The other thing to note about him is that he also starred in a major hit TV show, The Saint. Simon Templar is one of the classic TV characters of all time. He also played Maverick’s cousin on that show for a period of time as well.

Mary Tyler Moore

(December 29, 1936 – January 25, 2017)


She did more for women in television than most other people. Her, Lucille Ball, Carol Burnett. They might be the top three from that era. I’m sure I’m missing someone, but you cannot overstate what she managed to accomplish in her career, first on the Dick Van Dyke Show and then on The Mary Tyler Moore Show. Truly a giant in entertainment.

Two more things I should mention — she gave one of the great dramatic performances of all time in Ordinary People, a movie that got her an Oscar nomination (and damn near a win too), and is also in one of the most delightful musicals ever made, Thoroughly Modern Millie, which features one of the most iconic moments in cinema history, the elevator dance:

Jeanne Moreau

(January 23, 1928 – July 31, 2017)


Elevator to the Gallows, The Lovers, Jules et Jim, The Trial, Diary of a Chambermaid, The Train, Chimes at Midnight, The Bride Wore Black, The Last Tycoon. An icon of French cinema.

Charlie Murphy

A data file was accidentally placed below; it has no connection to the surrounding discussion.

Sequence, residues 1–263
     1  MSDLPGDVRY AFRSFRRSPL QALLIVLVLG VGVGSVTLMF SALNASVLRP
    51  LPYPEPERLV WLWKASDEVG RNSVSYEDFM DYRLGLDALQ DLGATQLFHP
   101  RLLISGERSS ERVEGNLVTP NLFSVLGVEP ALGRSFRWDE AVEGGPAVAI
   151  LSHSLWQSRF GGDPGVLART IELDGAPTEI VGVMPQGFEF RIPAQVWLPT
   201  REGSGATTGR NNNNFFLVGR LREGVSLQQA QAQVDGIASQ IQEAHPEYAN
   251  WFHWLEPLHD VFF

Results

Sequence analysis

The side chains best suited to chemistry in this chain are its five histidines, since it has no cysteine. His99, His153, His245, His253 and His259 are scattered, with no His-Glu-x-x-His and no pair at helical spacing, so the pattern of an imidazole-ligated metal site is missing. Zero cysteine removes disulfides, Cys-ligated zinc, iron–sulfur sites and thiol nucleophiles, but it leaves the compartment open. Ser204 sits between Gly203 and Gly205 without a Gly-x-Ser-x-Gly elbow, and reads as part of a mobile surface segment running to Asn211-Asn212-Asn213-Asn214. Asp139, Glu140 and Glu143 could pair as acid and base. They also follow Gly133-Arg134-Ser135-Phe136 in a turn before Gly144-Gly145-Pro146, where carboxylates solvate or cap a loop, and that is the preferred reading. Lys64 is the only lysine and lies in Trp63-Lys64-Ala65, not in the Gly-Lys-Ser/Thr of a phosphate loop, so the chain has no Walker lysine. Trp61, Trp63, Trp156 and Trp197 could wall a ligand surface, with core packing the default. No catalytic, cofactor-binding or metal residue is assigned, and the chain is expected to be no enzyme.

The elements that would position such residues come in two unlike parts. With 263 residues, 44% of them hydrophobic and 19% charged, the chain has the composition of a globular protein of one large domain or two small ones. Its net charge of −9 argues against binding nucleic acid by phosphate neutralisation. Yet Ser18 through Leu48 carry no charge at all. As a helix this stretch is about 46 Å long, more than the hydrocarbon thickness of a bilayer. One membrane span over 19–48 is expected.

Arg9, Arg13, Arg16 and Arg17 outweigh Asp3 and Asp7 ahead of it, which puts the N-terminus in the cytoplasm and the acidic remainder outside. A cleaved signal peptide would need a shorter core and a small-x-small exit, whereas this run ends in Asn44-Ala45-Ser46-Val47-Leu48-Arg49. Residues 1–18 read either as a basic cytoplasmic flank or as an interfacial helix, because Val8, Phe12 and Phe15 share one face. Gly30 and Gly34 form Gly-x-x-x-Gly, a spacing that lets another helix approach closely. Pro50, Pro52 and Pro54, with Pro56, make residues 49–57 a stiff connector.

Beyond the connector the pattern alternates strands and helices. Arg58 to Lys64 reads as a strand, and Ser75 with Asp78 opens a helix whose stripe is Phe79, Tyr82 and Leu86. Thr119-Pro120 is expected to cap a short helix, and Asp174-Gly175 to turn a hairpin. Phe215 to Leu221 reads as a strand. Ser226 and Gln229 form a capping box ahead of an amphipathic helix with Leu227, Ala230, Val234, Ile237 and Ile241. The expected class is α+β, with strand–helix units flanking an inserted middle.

(July 12, 1959 – April 12, 2017)


This man is responsible for two of the most iconic and memorable TV moments of all time. I’m just gonna let him speak for himself:

Michael Nyqvist

(November 8, 1960 – June 27, 2017)


He was Mikael Blomkvist in the original Girl with the Dragon Tattoo movies. He then started making some American movies. He was in Mission: Impossible – Ghost Protocol, and John Wick, and The Colony (where he was quite creepy, actually). His last movie is supposed to be Terrence Malick’s Radegund (I guess if he isn’t cut out of it).

Robert Osborne

(May 3, 1932 – March 6, 2017)


This one sucked. If you grew up with TCM, you grew up with Robert Osborne. He introduced all of our movies!

This man is a bigger loss to me than a lot of people of this year or any year.

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Michael Parks